How To: Kaspersky Anti-Spam

Every network administrator at some stage in their career will come into trouble with the influx of spam during their career because, quite simply, spammers are smart. If you did a Google search for “Linux Anti-Spam”, you’ll be bombarded with tutorials using the infamous, free, SpamAssassin software. However if spamassassin isn’t quite cutting it, you may want to give Kaspersky Anti-Spam 3.0 a whirl. (Please note, Kaspersky Anti-Spam 3 isn’t free and requires a per mailbox licensing fee)

The name Kaspersky is gaining quite a name globally, originally an Anti-Virus engine; Kaspersky Labs has developed tools to help assist network managers fight malicious attacks in all forms of life; spam, viruses, spy-ware and phis-hing attempts. Kaspersky’s anti-spam product, titled appropriately, Kaspersky Anti-Spam 3.0, is able to integrate with your existing Linux smtp engine to filter spam for your users. Kaspersky Anti-Spam (and from now on known as KAS) is able to integrate with;

- Qmail
- Sendmail
- Exim
- Postfix

Getting started

The first step is to obtain the package which suits your Linux distribution. For the sake of simplicity, we’ll install KAS using the debian packaged file.

Grab Kaspersky Anti-Spam here

dpkg -i kas-3-3.0.284-1.i386.deb

Once KAS has been installed, it will show on the screen a number of steps you must perform to complete the installation. This includes installing the license key, enabling automatic updates and integrating KAS with your SMTP engine.


You’ll need to transfer your kaspersky anti-spam license key file (.key) to the server so you can perform the following task;

/usr/local/ap-mailfilter3/bin/install-key /path/to/your/keyfile.key

The great thing about KAS3 over KAS2 is the web interface. Kaspersky Labs has developed a web interface, allowing you to configure various components of the software.

To access the web interface from a computer other than the one KAS is installed on, you’ll need to make a change to this file;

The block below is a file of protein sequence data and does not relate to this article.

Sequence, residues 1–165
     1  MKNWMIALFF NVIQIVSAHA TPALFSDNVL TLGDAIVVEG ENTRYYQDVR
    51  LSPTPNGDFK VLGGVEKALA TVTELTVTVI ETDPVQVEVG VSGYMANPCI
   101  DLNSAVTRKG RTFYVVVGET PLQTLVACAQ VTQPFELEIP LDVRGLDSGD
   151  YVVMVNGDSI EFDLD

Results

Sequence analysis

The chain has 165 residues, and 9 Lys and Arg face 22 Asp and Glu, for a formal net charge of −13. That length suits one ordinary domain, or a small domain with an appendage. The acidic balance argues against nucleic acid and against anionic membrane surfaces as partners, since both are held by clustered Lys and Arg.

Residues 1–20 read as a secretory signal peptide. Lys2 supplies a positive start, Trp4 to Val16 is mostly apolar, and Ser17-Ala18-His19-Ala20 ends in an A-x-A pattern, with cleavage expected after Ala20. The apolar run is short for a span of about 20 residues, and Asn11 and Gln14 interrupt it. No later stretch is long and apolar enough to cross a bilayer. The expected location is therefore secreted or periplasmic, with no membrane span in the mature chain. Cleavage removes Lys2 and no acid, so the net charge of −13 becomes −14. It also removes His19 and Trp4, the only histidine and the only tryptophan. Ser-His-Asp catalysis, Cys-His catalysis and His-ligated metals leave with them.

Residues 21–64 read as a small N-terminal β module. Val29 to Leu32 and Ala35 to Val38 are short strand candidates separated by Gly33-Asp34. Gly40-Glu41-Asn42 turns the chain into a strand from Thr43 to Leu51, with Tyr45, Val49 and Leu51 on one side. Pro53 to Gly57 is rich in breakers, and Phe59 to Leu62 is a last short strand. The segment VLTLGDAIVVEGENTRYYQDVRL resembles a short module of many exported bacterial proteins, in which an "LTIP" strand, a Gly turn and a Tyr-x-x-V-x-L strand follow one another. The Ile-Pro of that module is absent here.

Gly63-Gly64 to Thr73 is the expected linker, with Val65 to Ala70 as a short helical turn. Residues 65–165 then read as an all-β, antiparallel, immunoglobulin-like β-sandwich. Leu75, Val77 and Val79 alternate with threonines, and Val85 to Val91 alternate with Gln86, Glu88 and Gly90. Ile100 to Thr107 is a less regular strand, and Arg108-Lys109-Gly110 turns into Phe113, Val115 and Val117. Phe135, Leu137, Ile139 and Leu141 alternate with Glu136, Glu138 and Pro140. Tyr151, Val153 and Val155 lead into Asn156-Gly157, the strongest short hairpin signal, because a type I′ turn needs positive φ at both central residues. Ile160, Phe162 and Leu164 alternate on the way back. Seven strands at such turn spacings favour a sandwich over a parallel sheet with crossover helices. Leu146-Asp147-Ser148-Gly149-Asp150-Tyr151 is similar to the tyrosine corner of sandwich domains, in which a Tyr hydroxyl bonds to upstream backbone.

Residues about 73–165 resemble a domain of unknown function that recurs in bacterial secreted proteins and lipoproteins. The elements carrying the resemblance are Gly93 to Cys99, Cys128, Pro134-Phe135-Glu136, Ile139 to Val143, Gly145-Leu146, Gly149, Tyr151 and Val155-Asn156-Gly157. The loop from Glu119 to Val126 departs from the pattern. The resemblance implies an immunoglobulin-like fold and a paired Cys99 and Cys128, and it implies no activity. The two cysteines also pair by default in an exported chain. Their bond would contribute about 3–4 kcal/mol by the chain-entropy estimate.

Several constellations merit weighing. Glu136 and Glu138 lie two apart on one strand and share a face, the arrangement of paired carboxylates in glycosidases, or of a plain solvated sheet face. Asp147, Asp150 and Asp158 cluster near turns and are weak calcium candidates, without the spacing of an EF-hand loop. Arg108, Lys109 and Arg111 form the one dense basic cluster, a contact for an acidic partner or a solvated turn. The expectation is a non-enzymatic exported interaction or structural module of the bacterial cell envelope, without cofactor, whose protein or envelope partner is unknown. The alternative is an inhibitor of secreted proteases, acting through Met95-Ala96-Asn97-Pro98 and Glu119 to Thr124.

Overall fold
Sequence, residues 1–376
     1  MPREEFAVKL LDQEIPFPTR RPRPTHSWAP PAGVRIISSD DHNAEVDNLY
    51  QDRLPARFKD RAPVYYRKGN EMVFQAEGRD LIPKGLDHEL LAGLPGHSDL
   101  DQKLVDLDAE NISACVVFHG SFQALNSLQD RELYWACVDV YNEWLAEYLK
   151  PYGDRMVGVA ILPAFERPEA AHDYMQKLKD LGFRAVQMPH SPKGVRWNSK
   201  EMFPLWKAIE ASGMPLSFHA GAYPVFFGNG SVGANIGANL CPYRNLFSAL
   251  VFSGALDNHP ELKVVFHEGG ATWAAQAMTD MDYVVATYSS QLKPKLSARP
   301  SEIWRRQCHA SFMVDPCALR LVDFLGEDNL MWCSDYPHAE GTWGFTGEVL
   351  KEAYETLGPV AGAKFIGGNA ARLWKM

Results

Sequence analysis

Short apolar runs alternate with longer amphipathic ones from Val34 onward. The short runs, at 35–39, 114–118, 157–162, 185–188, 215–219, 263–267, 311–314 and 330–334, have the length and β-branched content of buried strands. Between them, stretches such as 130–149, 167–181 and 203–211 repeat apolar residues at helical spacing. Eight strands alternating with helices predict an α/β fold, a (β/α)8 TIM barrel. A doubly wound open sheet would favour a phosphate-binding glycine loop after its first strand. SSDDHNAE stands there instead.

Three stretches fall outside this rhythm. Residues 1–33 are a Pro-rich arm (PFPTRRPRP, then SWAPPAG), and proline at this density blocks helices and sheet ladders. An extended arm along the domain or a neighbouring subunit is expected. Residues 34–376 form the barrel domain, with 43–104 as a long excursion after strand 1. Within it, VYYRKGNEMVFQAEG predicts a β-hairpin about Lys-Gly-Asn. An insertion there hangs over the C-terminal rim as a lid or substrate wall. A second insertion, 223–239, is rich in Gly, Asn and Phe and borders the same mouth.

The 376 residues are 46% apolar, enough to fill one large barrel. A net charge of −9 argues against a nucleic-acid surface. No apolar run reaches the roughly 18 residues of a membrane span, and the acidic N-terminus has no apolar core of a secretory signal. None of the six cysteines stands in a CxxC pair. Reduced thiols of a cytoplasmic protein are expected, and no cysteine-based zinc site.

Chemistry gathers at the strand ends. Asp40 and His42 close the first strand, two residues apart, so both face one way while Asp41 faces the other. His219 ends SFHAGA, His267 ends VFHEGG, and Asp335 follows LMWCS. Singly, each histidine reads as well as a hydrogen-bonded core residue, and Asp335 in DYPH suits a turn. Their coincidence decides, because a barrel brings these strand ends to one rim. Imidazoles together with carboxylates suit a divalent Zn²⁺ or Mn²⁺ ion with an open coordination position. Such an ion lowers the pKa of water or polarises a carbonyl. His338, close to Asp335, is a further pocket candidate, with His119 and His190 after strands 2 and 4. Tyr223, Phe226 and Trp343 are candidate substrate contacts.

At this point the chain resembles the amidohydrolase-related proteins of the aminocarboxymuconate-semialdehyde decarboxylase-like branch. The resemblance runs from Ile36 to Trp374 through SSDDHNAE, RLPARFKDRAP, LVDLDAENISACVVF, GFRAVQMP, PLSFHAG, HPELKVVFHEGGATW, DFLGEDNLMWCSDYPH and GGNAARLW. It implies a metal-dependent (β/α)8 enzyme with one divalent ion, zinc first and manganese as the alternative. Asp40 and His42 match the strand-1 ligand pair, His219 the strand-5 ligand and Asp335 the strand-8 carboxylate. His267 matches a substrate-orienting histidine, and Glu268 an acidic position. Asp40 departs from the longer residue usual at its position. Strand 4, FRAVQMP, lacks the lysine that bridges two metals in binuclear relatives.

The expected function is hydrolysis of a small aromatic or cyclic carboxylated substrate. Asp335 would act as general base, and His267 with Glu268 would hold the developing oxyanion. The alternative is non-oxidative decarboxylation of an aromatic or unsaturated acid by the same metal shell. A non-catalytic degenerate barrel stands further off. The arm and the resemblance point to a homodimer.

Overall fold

nano /usr/local/ap-mailfilter3/etc/kas-thttpd.conf

and uncomment the line


Finishing up

Once that’s done, you can simply type in your browser; http://ip-of-kas-server:3080 and whola! You’re away. I won’t delve into how to configure the application as its pretty self explanatory. Simply hit the policy page and configure the action rules, which state what should happen to SPAM once detected (whether it should be deleted, redirected etc).


5 Responses to “How To: Kaspersky Anti-Spam”

  1. [...] Server 1.0.6上のiTuneでiPodを接続できる…>> saved by freakyhedgehog 33 days ago2 votesHow To: Kaspersky Anti-Spam>> saved by photogmatt 35 days ago6 votesGetting started with Nexenta Development – Part 2>> saved [...]

  2. [...] – How To: Kaspersky Anti-Spam saved by JRStone292009-08-26 – How to retrieve entire site via command line using wget saved by [...]

  3. detoxtech says:

    Kaspersky is the best Anti-Virus program i have ever used. it is way better than Mc Affe and Norton Antivirus.

  4. Kaspersky and Avast are both great antiviruses and anti-malware`”:

  5. wow …. Your info really helped me and maybe other friends, I have bookmark your website and I always come here. to the event admin for the latest info. Thank you for sharing valuable knowledge. thanks I appreciate it.

Leave a Reply

You must be logged in to post a comment.